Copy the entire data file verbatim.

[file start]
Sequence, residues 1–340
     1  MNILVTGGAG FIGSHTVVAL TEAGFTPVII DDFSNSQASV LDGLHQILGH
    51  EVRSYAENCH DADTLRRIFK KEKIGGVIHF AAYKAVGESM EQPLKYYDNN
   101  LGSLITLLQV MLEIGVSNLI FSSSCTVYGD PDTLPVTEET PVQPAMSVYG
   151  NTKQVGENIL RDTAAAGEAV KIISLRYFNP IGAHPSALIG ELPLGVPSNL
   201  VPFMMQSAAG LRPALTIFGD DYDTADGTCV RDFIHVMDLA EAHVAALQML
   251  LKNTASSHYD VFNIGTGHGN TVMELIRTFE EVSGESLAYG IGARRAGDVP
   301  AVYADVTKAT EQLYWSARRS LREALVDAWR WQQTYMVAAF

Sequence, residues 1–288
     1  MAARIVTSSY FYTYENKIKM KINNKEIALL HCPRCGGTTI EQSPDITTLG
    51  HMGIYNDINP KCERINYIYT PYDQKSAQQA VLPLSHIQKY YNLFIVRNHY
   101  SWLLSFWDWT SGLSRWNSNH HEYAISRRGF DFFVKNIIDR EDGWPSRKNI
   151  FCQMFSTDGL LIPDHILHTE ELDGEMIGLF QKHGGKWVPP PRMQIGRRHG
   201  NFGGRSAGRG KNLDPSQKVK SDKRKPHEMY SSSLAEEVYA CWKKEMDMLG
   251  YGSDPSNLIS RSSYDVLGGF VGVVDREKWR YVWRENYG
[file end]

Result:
Sequence, residues 1–340
     1  MNILVTGGAG FIGSHTVVAL TEAGFTPVII DDFSNSQASV LDGLHQILGH
    51  EVRSYAENCH DADTLRRIFK KEKIGGVIHF AAYKAVGESM EQPLKYYDNN
   101  LGSLITLLQV MLEIGVSNLI FSSSCTVYGD PDTLPVTEET PVQPAMSVYG
   151  NTKQVGENIL RDTAAAGEAV KIISLRYFNP IGAHPSALIG ELPLGVPSNL
   201  VPFMMQSAAG LRPALTIFGD DYDTADGTCV RDFIHVMDLA EAHVAALQML
   251  LKNTASSHYD VFNIGTGHGN TVMELIRTFE EVSGESLAYG IGARRAGDVP
   301  AVYADVTKAT EQLYWSARRS LREALVDAWR WQQTYMVAAF

Sequence, residues 1–288
     1  MAARIVTSSY FYTYENKIKM KINNKEIALL HCPRCGGTTI EQSPDITTLG
    51  HMGIYNDINP KCERINYIYT PYDQKSAQQA VLPLSHIQKY YNLFIVRNHY
   101  SWLLSFWDWT SGLSRWNSNH HEYAISRRGF DFFVKNIIDR EDGWPSRKNI
   151  FCQMFSTDGL LIPDHILHTE ELDGEMIGLF QKHGGKWVPP PRMQIGRRHG
   201  NFGGRSAGRG KNLDPSQKVK SDKRKPHEMY SSSLAEEVYA CWKKEMDMLG
   251  YGSDPSNLIS RSSYDVLGGF VGVVDREKWR YVWRENYG